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Consumer smartphone use and attitude to internet security

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A survey carried out by specialist insurer CoverBuilder has produced some interesting insight into how UK residents use their phones and their attitudes towards online security. A poll in November 2017 of a group of UK adults confirmed that we are now a nation of smartphone users, with 100% of respondents owning a mobile phone. Despite the fact that almost all respondents had no additional security software installed on their phone, over 50% would not feel comfortable spending over £100 in an online transaction on their phone. Over 90% would not choose to purchase from a site that looked unprofessional, showing that first impressions and a professional appearance are still important, even in a virtual world. This infographic was created for https://www.coverbuilder.co.uk.

A survey carried out by specialist insurer CoverBuilder has produced some interesting insight into how UK residents use their phones and their attitudes towards online security. A poll in November 2017 of a group of UK adults confirmed that we are now a nation of smartphone users, with 100% of respondents owning a mobile phone. Despite the fact that almost all respondents had no additional security software installed on their phone, over 50% would not feel comfortable spending over £100 in an online transaction on their phone. Over 90% would not choose to purchase from a site that looked unprofessional, showing that first impressions and a professional appearance are still important, even in a virtual world. This infographic was created for https://www.coverbuilder.co.uk.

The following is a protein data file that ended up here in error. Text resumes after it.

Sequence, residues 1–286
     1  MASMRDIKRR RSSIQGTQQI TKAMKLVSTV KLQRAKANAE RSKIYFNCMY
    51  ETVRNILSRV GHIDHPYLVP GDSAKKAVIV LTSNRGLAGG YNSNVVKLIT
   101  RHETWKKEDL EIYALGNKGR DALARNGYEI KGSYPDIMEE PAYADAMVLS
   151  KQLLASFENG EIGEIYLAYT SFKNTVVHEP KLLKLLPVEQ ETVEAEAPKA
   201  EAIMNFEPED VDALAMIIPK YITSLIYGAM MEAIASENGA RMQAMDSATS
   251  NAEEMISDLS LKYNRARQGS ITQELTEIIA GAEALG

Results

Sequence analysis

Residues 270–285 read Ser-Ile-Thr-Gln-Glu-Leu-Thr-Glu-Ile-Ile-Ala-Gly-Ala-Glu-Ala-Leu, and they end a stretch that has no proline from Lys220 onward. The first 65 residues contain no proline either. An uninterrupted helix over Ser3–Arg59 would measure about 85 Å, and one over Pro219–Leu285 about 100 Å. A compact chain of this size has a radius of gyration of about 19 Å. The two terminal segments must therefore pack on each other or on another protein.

Score from the experts at Killer Infographics

Visual Communication - 65%
Design - 70%
Content/Script - 80%
Usability - 70%

71%

Final Grade

This infographic submission shares the results of a survey on how users interact with their smartphones, primarily focusing on security and purchasing. While many survey-based infographics present the results with more of a narrative, this one simply lists the questions asked and the responses given. While this can work well, it would benefit from a simple introduction, explaining the survey. The design concept, while relevant, does fall a bit flat due to lack of visual interest. Consider adding icons to each question, perhaps ones that look like apps. The cell phone is a good easel, but the text needs more balance. Overall, we give this a C.

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